The reason for these personal failures? Amateurism. "First and foremost he was a philologist and a visionary.... The proximity between philology... and the art of letters is such that often an individual who practices one mistakes his occupation for the other. Thus Roman Jakobson in his youth wrote poetry (which was, as a matter of fact, every bit as Futuristic as anything produced by Khlebnikov)." (We might note that this simultaneously serves as a swipe at the single most authoritative contemporary proponent of Khlebnkov's "greatness" as a poet.) Regarding the inventiveness and imagination at the root of Khlebnikov's accomplishments, Brodsky offers the following nod: "Beautiful or grotesque, the results are often memorable, if only because the trophy of a word's meaning is paid for with the casualties of his mutilated grammar."
There is no resolution or compromise possible here, of course. From the very start, Brodsky's insistence on what he terms "The Meaning of Meaning" privileges logos, the semantics of logic. This is yet again that old conflict between content and form, and it is not that Brodsky's work is deficient in feeling but his allegiance clearly lies with Rationality and Reason and thus with the techne of meter and rhyme. Just as in his message to me about what constitutes not just "faithful" translation but faithful poetry, the central motivation, the proof in the pudding shall we say, becomes "the utterance's longevity." "An utterance must make sense. To survive, it must contain a grain of truth, be that a psychological, social, scientific, philosophical, or metaphysical truth; it also has to be stylistically distinct." To sum up, Khlebnikov is "[s]hort on the former and very drastic on the latter...."
Just like the semantic instability Brodsky eschews, neither Truth nor Beauty, however, are to be easily evaluated. Brodsky's personal loyalty to that very Acme that Mandelstam worshiped so unwaveringly, to a World Culture, though a most honorable ideal, did not admit even the possibility that, to paraphrase Adorno's words, "culture is the shadow of tyranny,"or Heidegger warning against techne and "calculative thinking" and certainly not Derrida's condemnation of the inauthenticity of logocentrism. So what does all of this have to do with translation, either Paul Schmidt's or my own?
Brodsky: "Schmidt’s book runs to 255 pages, out of which 100 purport to give samples of Khlebnikov's poetry...." Purports because "At his best, Khlebnikov is an extremely difficult, highly hermetic writer, even in Russian. The very process of comprehending him is in itself a simplification. Translation is only the next step in that direction..." and "since Schmidt rather omits from the text than adds to it. The rationale behind these omissions is, interestingly enough, not that of a failing translator, but that of an editor." The essential question then becomes what constitutes "faithfulness"? Is the translator's primary allegiance to the author, the reader, or the text? What could the last of these possibly mean in practice? Does privileging the target text so as to make it palatable to a reader constitute being unfaithful to the author, even when the purpose is to serve the author by making him or her more readily available?
"Schmidt tailors the material to his own liking, i.e., according to his own notion of what a successful modern poem should be. For the same reason, he reshuffles the lines like a deck of cards, writes in his own lines, skips rhymes as he pleases, alters the meter, "straightens" complex images, and juggles chronology." Is it inadmissible to ask whether a translator may improve on the original? Since so few of the possibilities of the original are available in the target language, may it ever be legitimate for the translator to add her own contributions suggested by the possibilities of the new language?
For those who have yet to turn to Brodsky's own words, I highly recommend doing so for far more than his being a recognized English prose stylist. We have here something absolutely unique and I think unprecedented, Brodsky's own translation of one of Khlebnikov's longer poems which he carries out to contrast Schmidt's inadequacies, primary among them "smoothing out," simplifying complexity for the purpose of readability in English. Brodsky's impromptu performance here, while not entirely readable English, makes one wish that he had lowered his impossibly high standards for translation and applied himself to that art. Nabokov's similarly absolute and rigid demands for reconstructing the original also guaranteed a limited body of translation work (Pushkin's Onegin and a few other classics). By contrast, Beckett rejected his translator and, after the first book, turned to translating himself for exactly the opposite reason; translation is rewriting, creating a parallel text, an original in the new language.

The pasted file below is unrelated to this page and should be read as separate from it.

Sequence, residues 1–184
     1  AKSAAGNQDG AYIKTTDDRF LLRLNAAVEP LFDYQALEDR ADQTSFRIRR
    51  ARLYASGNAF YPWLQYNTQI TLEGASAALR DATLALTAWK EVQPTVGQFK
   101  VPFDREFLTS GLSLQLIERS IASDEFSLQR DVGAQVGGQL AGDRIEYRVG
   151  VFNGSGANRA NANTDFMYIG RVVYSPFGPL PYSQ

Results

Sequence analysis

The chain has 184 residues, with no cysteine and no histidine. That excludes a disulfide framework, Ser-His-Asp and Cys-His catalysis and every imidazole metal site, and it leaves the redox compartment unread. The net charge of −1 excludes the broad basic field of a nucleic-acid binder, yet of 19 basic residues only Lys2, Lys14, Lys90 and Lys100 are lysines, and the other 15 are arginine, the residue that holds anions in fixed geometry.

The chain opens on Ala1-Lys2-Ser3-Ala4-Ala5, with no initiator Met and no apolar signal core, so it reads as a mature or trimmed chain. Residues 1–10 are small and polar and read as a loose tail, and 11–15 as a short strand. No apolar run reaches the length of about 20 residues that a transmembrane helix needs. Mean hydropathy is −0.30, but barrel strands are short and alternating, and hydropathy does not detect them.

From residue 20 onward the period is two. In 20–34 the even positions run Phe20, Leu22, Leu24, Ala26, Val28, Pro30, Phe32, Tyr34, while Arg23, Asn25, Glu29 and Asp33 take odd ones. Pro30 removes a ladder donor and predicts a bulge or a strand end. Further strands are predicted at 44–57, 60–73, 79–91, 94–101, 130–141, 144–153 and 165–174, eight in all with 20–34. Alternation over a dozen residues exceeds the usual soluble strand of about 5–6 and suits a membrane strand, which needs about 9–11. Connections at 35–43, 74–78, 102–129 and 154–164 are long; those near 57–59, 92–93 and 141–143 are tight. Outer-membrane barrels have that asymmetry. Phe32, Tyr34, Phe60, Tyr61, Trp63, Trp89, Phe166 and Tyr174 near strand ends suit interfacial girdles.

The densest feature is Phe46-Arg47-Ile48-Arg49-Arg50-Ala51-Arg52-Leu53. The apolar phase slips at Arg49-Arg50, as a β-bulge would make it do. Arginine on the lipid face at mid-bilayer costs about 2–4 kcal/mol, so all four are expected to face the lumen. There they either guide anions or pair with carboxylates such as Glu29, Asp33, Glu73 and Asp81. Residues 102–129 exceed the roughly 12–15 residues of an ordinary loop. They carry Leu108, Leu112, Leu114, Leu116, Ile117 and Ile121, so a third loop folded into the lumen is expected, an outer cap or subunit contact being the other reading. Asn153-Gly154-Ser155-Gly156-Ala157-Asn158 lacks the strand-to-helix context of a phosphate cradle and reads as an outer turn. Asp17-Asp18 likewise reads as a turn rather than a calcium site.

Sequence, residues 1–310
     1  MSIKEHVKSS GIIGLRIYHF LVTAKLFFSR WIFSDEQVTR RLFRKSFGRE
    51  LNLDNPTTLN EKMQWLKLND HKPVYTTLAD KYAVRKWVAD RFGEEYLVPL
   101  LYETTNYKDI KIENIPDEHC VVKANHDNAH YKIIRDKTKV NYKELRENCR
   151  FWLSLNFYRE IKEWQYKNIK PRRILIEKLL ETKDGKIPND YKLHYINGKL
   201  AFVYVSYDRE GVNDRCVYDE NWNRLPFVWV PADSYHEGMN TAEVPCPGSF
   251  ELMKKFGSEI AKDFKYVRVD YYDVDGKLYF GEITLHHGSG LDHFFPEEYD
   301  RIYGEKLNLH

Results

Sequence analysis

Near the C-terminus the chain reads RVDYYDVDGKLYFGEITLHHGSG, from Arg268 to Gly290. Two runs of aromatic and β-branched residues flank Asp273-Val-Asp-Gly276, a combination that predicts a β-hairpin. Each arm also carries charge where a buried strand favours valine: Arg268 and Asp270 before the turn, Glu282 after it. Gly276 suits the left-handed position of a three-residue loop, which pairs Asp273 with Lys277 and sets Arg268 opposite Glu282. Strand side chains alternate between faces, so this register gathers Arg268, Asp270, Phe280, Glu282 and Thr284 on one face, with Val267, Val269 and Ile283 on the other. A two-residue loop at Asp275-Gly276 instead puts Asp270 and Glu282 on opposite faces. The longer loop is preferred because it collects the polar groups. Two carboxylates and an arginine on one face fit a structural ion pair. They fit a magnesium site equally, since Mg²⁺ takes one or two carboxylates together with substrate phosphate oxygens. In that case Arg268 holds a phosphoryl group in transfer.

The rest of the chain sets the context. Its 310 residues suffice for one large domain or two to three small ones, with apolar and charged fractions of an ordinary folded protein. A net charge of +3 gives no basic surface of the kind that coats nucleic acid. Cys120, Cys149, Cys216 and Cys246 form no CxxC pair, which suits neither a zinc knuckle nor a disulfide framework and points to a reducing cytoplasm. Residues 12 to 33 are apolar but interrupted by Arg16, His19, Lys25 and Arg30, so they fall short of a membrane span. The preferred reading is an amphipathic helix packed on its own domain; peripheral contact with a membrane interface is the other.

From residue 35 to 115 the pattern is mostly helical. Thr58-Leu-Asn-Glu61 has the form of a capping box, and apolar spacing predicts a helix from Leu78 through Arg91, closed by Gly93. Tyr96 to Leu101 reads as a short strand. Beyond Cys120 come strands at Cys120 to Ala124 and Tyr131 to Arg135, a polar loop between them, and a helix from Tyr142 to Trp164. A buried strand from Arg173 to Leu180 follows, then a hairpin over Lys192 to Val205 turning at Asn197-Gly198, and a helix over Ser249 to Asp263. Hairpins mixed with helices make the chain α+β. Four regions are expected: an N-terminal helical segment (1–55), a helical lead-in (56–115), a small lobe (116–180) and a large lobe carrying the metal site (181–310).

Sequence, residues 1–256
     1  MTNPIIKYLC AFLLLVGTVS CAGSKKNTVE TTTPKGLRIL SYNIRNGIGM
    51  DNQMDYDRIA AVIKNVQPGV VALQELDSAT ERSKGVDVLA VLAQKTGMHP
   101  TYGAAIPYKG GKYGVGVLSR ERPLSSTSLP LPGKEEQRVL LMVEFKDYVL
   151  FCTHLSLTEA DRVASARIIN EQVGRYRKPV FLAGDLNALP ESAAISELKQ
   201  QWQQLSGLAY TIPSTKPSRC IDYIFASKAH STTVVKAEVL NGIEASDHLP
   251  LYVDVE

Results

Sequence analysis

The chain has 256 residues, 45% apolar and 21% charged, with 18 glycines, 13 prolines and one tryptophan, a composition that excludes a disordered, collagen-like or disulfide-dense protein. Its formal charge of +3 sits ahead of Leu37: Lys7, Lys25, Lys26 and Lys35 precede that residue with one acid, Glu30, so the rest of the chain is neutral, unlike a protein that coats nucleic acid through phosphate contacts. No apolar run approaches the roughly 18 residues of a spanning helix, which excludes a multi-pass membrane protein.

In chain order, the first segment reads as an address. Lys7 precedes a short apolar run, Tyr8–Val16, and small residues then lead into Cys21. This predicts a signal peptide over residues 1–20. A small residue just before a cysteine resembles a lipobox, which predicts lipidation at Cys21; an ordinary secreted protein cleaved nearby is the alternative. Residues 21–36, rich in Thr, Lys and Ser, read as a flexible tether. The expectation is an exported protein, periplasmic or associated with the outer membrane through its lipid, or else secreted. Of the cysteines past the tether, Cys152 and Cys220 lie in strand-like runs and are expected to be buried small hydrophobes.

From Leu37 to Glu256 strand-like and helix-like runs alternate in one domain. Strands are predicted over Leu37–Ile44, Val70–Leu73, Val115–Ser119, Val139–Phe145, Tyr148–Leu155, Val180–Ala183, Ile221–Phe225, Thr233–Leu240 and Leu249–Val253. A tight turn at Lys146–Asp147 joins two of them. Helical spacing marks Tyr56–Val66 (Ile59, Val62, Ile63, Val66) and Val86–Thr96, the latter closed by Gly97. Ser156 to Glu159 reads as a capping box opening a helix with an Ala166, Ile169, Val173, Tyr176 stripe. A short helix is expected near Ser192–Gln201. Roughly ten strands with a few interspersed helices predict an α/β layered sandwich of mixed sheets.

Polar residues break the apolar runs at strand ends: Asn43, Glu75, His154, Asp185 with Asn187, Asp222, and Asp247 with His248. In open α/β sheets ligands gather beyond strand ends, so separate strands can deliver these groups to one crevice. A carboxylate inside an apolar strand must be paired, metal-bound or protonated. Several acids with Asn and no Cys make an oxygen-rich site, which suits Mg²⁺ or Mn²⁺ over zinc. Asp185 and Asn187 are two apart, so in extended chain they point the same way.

I have tried here to present the two sides impartially, but I am not without an opinion. To echo Voltaire, the great is indeed often the enemy of the good. Neither in a poem nor, certainly, in a translation is perfectability possible and I have repeatedly voiced my belief that Brodsky's control and insistence on translating himself, itself a sort of tyranny over the free market of ideas, had served to stifle the life of his Russian poetry in English. Every generation makes the time ripe for a new translation and it has become a matter of practice for me to consider the passage of twenty years sufficient to justify a re-translation. As the present work suggests, it is my intention to undertake a Khlebnikov Selected and I have written Brodsky's estate to reiterate that making Joseph's poems available for new translations would help restore his presence in American poetry.
It would be judicious, I think, to entrust at least part of this last paragraph to Paul Schmidt's own words. Honor Moore's afterword and Catherine Ciepiela's introduction to Schmidt's Stray Dog Cabaret, his group portrait of the poets of the Russian Silver Age, makes clear how much Paul's translation practice was an extension of his life in the theater. "Beyond the formal concerns, you have to find... the internal consistency of the poem. What I mean is this: for me translation is a performance.... You're given a text to perform....Your responsibility is to transform it... to make it resonate, to bring it alive, in whatever way possible." And I would close by echoing the words of another poet, that specter of Marxism, Mao: "Let a million translations bloom."
Joseph Brodsky's review of Paul Schmidt's Khlebnikov translations
Russian video interview of Joseph Brodsky on the relative merits of Mandelstam, Tsvetaeva, et al.
Paul Schmidt's posthumous Stray Dog Cabaret with free access to Catherine Cipiela's substantial introduction and Honor Moore's touching tribute in the afterword
An excellent group portrait of the Petersburg poetry scene c. 1915 that produced the Acmeists, Futurist, Imaginists and the rest of Silver Age ferment
Slap in the Face of Public Taste or the Russian Futurian manifesto